As Syria has not signed the international Chemical Weapons Convention, it has never declared details of its stockpiles to the outside world. But outside intelligence estimates reckon that Damascus has between 100 and 200 warheads filled with sarin for its Scud missiles, and thousands of chemical artillery bombs filled with sarin and VX.
Nobody outside the Assad regime now knows for certain where the stockpiles are now: the contents of the plant at Safira, for example, may have been moved to other, more secret storage spaces for safekeeping. But that uncertainty adds to the challenge. With such a vast arsenal scattered nationwide, the West would face a formidable task were it to attempt to secure it by force.
In December, the Pentagon told the Obama administration that it would require upward of 75,000 troops - almost half the number it took to topple Saddam Hussein. Such numbers would amount to an invasion in everything but name, and would doubtless attract hostility from both of Syria's warring sides.
An alternative would be smaller, ad hoc strikes of the sort that Israel has already admitted to doing to stop the weapons falling into the hands of its Lebanon-based enemy Hezbollah, whose Assad-backed fighters are now in Syria helping defend the regime. But these would not be practical for a large-scale neutralisation of the country's chemical threat, according to Ms Esfandiary.
"Airstrikes aren't reliable because they can just release all the chemical agents into the air," she said. "Alternatively, they only do half the job and then render a secure site open to looters."
Nor, she added, would quick-fire raids by small teams of special forces be an alternative. "You would have to first secure the sites and then do a careful analysis of what was there, followed by controlled explosions. It is, frankly, a labour intensive job, and that is why the Pentagon assessed it as requiring 75,000 men.
"Besides, there may be any number of caches hidden all over the place, and even if you could look for them properly - which is difficult with a civil war going on - you would run the risk of some being left behind."
Not all the sites represent a genuine danger. Some store only the basic component chemicals, which must be mixed first before being weaponised, processes which require technical know-how. But others have cannisters full of battle-ready nerve agents, which could be operated in crude fashion simply by breaking them open.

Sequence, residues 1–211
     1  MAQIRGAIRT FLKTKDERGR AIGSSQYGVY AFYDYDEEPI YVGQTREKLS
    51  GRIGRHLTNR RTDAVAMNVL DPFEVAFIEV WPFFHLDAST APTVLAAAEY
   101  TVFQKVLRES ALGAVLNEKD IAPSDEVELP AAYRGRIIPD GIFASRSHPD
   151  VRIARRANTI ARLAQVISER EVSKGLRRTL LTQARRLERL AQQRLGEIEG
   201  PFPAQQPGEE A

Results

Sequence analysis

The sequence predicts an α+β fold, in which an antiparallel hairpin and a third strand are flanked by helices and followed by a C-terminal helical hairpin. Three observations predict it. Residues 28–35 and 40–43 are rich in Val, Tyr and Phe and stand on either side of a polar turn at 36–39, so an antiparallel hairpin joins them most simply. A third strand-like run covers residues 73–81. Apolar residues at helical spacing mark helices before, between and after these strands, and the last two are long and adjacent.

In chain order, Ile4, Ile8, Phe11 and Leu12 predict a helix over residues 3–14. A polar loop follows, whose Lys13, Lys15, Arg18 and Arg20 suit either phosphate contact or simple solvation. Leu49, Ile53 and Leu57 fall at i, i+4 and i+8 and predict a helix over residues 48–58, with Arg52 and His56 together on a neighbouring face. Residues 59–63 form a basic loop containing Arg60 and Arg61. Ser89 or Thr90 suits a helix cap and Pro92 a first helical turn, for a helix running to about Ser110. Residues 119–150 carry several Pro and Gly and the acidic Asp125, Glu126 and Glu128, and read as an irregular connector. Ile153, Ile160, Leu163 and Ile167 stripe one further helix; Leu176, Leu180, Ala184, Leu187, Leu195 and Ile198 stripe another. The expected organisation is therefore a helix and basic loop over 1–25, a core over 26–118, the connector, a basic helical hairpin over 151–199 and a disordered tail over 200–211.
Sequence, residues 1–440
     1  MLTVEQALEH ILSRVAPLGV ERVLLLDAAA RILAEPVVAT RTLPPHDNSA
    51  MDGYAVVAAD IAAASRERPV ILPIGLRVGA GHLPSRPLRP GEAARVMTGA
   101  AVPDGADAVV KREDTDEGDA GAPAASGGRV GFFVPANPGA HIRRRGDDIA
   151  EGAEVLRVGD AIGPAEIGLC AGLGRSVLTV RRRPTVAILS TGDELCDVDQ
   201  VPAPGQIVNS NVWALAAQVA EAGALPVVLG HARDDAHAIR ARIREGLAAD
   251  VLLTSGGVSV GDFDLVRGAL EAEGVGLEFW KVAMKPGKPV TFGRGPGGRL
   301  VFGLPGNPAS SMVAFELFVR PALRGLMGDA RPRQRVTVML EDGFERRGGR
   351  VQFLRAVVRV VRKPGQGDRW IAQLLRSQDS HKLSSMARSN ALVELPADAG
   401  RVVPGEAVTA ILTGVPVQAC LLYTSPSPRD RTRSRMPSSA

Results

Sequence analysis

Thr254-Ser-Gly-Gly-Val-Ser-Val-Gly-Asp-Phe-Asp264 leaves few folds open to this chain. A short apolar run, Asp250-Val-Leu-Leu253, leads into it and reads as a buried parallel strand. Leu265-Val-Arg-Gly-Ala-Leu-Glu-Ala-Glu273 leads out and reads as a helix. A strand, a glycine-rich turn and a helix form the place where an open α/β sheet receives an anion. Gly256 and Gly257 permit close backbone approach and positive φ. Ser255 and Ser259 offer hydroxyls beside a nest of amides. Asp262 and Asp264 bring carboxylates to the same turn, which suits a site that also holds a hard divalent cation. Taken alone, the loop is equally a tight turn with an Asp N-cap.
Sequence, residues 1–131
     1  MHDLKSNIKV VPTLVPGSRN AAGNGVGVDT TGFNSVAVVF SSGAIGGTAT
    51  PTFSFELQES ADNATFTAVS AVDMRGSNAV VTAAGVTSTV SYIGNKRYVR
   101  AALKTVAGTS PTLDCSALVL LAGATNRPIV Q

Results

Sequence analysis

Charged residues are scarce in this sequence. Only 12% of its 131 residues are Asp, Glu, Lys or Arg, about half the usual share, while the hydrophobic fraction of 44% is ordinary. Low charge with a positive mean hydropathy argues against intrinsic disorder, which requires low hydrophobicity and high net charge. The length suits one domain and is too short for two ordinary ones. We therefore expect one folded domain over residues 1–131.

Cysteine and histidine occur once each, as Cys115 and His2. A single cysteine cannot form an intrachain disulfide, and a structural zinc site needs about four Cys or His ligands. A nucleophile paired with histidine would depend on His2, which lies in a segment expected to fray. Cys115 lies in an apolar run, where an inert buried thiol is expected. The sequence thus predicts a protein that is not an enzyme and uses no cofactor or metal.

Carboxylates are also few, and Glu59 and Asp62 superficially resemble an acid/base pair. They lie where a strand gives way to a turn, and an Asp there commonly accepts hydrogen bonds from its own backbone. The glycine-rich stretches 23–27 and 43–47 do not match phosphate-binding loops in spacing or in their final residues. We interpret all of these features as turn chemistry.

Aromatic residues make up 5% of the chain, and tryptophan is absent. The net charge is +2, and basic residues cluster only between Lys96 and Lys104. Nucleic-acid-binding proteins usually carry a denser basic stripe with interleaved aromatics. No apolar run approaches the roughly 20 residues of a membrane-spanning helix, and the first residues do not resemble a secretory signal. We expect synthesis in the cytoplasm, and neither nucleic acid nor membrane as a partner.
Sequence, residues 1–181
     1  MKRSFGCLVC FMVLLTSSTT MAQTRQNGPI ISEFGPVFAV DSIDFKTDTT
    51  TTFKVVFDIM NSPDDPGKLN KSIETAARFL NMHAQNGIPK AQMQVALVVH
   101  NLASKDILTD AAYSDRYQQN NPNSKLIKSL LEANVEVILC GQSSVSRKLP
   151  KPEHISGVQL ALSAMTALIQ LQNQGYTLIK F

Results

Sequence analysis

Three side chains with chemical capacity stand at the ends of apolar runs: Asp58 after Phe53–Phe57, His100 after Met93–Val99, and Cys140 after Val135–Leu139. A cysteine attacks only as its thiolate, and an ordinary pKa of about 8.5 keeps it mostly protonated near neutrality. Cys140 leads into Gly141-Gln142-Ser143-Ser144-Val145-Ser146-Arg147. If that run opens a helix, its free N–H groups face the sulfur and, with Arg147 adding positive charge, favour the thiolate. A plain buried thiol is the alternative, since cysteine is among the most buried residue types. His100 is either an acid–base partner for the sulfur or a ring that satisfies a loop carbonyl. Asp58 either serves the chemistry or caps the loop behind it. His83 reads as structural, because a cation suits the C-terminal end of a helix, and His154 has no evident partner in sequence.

"They might not be quite as effective in amateur hands, but the fact is that they are containers full of very nasty stuff, and if they were opened on a Tube train it would very dangerous," said Ms Esfandiary. "As an instrument of terror, they also have a fear factor that more conventional weapons don't have."
Despite that, many analysts believe that the "red line" is now simply being blurred rather than crossed. With only limited evidence of Sarin use so far, they suspect Damascus is deliberately using such weapons just occasionally to test - and gradually undermine - Washington's resolve. President Assad, they reason, knows all too well that a major chemical attack would leave the US no option but to take action. But successive, smaller ones are a harder call, while still having the desired effect of spreading terror among Damascus's foes.
Outside of Syria, it also has another desired effect - underlining the differences between Mr Assad's opponents in the West. Last week, the hawkish US Republican senator, John McCain, who lost to Mr Obama in the 2008 presidential race, called on America to send in troops to secure factories such as al Safira. But Mr Obama shows no enthusiasm for doing so, and this weekend he even appeared to adjust his language slightly, saying that America would not permit the "systematic" use of chemical weapons. Critics pointed out that proscribing the use of chemical weapons on a "systematic" basis is not the same as proscribing their use altogether.
Yesterday, the Syrian information minister, Omran al-Zohbi, described the US claims of chemical weapons use as a "barefaced lie", insisting that for both legal and "moral" reasons, Damascus would never deploy them. But with Syria's civil war escalating daily, nobody - least of all a Syrian government minister - can guarantee that al Safira's deadly concoctions will remain safe forever.